Whenever I announce I'm selling diamonds, I'm asked whether I'm a scammer. It's so frequent that I often wonder whether the other player thinks he is employing social engineering tricks to find out the truth from me. The truth is that if a person were trying to rip you off, he wouldn't tell you. That's it. I've told this to players online, and some have answered that they know this, but because there are so many scammers on these days, they just can't be sure. It's not a matter of the question's being less fruitful than other methods. It's not a last resort or fall-back option when there's no other way. Asking someone if he's a crook just won't work, no matter what. Using the question for any form of deception to learn the truth is not going to yield any results. The best option is to ask other players. Typically, if someone I've never dealt with before asks to buy diamonds, I check what level he is and ask in world-chat if anyone will vouch for him. I weigh those two factors in helping me to decide. If 20 people answer with a solid yes, then I may not care so much about the character's level. If I get a very mixed response or little response at all, the character's low level becomes more important to me. Yes, he may just be a new player wanting to get into the business of buying or selling diamonds, but that's the nature of the beast. If that's the case, you need to put up with the trouble of finding someone who will deal with you and keep track of names.

Your friends list can be your business list

Part of finding buyers and sellers whenever you want is building up server trust. Keep track of players who have good, proven track records by adding them to your friends list. You could write them down on paper or put them in a spreadsheet if you want to go the extra mile, but I've never felt the need to go that far. I've built up such a nice handful of names in my friends list that I almost never have to waste a world-chat when selling. Most of the time, the players on my list are online at the same time as I am. By the time I get through the list, most or all of my diamonds are sold.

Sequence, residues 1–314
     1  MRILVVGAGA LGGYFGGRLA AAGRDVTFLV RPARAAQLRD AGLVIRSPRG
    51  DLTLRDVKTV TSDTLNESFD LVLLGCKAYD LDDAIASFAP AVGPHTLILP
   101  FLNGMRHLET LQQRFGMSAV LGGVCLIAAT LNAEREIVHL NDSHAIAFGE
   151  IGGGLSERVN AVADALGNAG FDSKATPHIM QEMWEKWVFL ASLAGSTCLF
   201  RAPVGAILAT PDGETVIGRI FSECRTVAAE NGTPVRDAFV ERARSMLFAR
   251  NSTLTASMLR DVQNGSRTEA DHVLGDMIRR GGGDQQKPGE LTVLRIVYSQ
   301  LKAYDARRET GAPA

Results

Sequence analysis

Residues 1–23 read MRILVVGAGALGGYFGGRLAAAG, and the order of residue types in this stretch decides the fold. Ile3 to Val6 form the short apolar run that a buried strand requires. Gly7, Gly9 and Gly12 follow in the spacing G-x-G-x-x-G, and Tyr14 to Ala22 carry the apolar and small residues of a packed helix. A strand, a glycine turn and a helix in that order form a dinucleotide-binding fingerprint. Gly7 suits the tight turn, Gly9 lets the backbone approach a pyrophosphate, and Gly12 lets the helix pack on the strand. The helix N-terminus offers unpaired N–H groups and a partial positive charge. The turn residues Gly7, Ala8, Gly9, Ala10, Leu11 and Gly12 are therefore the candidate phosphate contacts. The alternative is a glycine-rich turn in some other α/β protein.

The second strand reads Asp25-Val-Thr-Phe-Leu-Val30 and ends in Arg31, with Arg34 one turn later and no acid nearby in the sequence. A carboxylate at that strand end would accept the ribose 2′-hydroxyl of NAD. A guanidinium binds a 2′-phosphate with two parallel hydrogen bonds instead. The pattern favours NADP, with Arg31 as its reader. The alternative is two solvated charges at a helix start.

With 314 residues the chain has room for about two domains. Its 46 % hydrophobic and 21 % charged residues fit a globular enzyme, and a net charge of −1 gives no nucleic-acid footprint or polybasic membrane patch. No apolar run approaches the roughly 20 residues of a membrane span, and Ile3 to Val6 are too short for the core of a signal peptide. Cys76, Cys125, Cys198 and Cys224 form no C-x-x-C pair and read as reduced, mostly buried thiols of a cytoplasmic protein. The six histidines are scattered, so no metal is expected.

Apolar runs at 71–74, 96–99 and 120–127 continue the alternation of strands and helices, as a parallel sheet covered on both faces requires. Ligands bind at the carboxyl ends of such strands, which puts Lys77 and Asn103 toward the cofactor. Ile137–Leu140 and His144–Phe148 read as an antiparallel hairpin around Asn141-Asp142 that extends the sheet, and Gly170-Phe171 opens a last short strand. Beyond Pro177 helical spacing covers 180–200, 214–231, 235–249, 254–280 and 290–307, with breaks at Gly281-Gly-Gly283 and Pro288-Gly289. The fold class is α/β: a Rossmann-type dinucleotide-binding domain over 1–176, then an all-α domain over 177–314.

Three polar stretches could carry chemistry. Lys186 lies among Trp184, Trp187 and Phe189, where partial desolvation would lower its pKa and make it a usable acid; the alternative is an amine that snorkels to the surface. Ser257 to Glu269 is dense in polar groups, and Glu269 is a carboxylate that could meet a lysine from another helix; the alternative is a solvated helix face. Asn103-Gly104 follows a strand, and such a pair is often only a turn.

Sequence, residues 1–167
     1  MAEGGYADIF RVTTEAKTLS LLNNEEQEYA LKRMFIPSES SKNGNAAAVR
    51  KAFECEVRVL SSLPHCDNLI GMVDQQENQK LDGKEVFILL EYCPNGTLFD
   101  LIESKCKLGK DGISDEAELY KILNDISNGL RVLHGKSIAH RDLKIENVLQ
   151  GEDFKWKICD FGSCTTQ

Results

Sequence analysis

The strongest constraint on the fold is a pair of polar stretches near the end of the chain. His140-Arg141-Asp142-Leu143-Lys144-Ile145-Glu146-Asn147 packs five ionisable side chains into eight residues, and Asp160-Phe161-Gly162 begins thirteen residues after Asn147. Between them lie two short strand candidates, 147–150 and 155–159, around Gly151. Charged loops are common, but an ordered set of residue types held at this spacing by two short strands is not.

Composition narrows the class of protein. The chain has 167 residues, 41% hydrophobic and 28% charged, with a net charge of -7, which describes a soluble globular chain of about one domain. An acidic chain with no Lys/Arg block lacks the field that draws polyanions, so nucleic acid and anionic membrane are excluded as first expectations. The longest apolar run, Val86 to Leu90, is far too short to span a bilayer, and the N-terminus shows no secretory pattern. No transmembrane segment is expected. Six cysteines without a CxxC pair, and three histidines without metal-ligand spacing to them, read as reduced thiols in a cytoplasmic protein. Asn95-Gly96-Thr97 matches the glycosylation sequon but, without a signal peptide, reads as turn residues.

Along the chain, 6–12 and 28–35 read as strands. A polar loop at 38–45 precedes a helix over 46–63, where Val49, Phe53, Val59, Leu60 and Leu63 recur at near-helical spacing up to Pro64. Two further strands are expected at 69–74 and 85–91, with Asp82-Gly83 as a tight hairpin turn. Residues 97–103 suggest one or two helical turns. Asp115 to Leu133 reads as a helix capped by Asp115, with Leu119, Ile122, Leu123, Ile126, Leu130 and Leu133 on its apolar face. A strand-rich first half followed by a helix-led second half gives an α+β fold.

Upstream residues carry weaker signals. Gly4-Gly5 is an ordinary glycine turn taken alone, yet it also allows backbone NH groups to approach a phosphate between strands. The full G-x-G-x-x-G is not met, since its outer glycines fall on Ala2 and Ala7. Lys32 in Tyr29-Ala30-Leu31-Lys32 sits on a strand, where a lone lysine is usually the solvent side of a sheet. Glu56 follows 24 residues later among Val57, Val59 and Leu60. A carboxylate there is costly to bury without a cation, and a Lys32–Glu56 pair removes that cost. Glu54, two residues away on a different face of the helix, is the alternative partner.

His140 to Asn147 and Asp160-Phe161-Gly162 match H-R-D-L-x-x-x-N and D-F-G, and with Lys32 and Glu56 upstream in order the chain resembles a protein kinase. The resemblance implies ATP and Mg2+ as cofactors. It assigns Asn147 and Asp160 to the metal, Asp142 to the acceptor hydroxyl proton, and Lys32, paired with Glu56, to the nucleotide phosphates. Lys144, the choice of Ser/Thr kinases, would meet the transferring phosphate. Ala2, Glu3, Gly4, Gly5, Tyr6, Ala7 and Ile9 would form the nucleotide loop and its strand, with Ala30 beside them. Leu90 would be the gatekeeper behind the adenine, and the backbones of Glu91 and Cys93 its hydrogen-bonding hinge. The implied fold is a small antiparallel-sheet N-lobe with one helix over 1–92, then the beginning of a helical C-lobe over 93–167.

Drama will only confuse the situation

I've noticed world-chat is much more lively with scammer-drama lately. If you are serious about wanting to buy or sell, your best bet is to largely ignore all the drama. This is a very tricky tip, because world-chat can help you when you're asking others to verify whether a player is trustworthy or not. But in those cases, you'll typically be answered in a whisper, so you won't be engaged in a lot of back-and-forth world-chat conversations. There will always be players yelling that another player is a scammer, and that player will start shouting back about lies and misdirection. It will take some time to learn the ropes, but eventually you'll develop a sixth sense about world-chat and drama. In the meantime, stick to asking for verification, weighing the answers you get, and staying away from people trying to pull you into a conversation about who said what and when.

Conclusion

Buying or selling for the first time feels very risky. I stayed away from it for the better part of a year. If you find yourself wanting to start, proceed slowly and diligently. Take into consideration the other player's character-level, ask in world-chat whether anyone will vouch for his honesty, don't ask the other player if he is honest, and keep a list of reputable players. Remember that you're dealing with real people and this is not a video game manual that will yield the same results every time. The longer you play and pay attention and use your own good judgment, the better you will get. I've reached a point where I still know that I'm always taking a risk, but I feel a lot more confident than when I first started.

Each Monday, Jeremy Stratton delivers Lost Pages of Taborea, a column filled with guides, news, and opinions for Runes of Magic. Whether it's a community roundup for new players or an in-depth look at the Rogue/Priest combo, you'll find it all here. Send your questions to jeremy@massively.com.
This article was originally published on Massively.